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When I need a power supply for something, and chargers are variations on a power supply, I find an old transformer type "wall wart" (voltage adapter as used by phone machines, etc.) and attach an LM-317 variable voltage regulator chip. These can be configured to put out any DC voltage from 1.2 to 32 volts as long as the source voltage is at least 1.2 volts higher than the desired output voltage. There is a formula on the back of the blister pack that you can factor to get the unknown resistor value right, or spend a couple of extra dollars and get a potentiometer so you can dial in the voltage you want by turning the knob. (You will need a voltmeter for this.) The first reference resistor is to be in the 240 - 270 ohm range. Attach a piece of aluminum for a heat sink and you are good for 1.5 amps in output current. For most chargers you will want fewer amps and a current limiting resistor would be in order. Then all you need is a jack for the charger to fit the item you want to charge.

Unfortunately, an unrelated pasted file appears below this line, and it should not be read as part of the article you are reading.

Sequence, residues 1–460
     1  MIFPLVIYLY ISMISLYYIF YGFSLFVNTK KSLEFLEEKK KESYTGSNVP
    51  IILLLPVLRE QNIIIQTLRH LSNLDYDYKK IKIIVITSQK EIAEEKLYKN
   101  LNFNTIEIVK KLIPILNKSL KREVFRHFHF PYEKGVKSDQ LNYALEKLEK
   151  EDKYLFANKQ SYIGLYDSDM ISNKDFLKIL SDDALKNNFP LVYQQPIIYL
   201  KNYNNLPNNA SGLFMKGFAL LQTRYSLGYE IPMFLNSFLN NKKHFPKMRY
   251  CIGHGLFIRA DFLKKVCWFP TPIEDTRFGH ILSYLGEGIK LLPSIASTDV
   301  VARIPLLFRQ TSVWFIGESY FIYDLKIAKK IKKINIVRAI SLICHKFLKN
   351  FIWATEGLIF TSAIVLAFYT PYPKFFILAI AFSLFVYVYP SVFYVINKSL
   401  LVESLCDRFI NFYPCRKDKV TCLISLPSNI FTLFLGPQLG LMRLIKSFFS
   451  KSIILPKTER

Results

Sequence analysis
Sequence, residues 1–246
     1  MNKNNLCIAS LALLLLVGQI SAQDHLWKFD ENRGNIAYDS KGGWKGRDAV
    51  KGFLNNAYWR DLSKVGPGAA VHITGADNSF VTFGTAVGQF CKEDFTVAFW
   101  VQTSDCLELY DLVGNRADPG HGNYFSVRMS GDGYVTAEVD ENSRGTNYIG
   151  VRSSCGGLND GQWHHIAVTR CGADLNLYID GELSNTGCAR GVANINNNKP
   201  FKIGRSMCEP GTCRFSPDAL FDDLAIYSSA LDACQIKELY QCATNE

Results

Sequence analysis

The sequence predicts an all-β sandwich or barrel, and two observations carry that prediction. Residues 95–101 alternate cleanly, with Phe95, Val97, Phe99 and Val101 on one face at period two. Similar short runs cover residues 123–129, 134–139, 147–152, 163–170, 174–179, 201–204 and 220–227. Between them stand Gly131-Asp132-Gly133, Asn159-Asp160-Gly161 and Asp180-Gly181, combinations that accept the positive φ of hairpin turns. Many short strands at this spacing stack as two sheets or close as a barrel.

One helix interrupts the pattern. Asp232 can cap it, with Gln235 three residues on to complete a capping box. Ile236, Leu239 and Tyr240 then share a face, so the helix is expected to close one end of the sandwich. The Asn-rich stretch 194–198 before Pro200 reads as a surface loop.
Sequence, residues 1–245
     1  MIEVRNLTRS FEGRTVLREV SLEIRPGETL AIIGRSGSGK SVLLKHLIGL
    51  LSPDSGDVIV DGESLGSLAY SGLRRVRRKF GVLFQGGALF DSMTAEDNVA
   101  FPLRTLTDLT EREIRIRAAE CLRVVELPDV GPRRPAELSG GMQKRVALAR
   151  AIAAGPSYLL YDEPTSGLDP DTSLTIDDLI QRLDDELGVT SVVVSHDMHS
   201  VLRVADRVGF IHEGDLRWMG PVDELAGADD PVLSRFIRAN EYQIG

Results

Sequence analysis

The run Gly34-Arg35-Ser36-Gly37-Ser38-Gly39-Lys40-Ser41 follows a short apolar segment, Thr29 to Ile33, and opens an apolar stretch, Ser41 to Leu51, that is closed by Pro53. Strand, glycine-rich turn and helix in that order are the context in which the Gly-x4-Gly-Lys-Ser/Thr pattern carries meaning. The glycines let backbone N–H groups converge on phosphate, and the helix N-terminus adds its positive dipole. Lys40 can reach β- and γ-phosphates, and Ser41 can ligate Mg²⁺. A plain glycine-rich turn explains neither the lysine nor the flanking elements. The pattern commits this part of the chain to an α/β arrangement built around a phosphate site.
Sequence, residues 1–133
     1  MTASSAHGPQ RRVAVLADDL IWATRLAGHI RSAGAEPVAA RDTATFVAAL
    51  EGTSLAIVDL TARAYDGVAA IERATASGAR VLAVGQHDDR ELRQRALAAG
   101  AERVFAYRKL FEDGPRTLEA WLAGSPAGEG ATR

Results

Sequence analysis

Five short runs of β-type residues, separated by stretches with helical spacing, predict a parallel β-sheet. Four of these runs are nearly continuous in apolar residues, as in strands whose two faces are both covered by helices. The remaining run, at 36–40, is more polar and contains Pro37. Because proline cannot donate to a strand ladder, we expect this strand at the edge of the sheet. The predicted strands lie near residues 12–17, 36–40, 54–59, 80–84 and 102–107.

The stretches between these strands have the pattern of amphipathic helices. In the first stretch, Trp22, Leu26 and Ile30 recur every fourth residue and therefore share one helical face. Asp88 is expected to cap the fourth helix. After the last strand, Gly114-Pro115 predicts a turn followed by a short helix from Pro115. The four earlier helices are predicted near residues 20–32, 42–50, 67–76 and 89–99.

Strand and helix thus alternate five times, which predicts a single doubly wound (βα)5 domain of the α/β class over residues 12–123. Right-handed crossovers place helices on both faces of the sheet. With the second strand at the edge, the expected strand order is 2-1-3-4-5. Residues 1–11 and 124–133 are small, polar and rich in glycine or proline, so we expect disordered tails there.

I do not do this with NiMH batteriesbecause they require a "smart charger" that can sample the batteries and prevent overcharging. I also found an LM-317 does not work with the newer switching mode power supplies, only the older transformer power supplies. The switching mode are smaller and lighter. The transformer type are larger and heavy.
LM-317 variable voltage regulators are available at Radio Shack and many other electronics supply houses. If almost none of what I wrote makes any sense to you, you probably do not want to try it. But, there are many electronics tutorial sites on the Internet where utilizing the LM-317 is covered in some detail in order to be helpful to people who want to learn.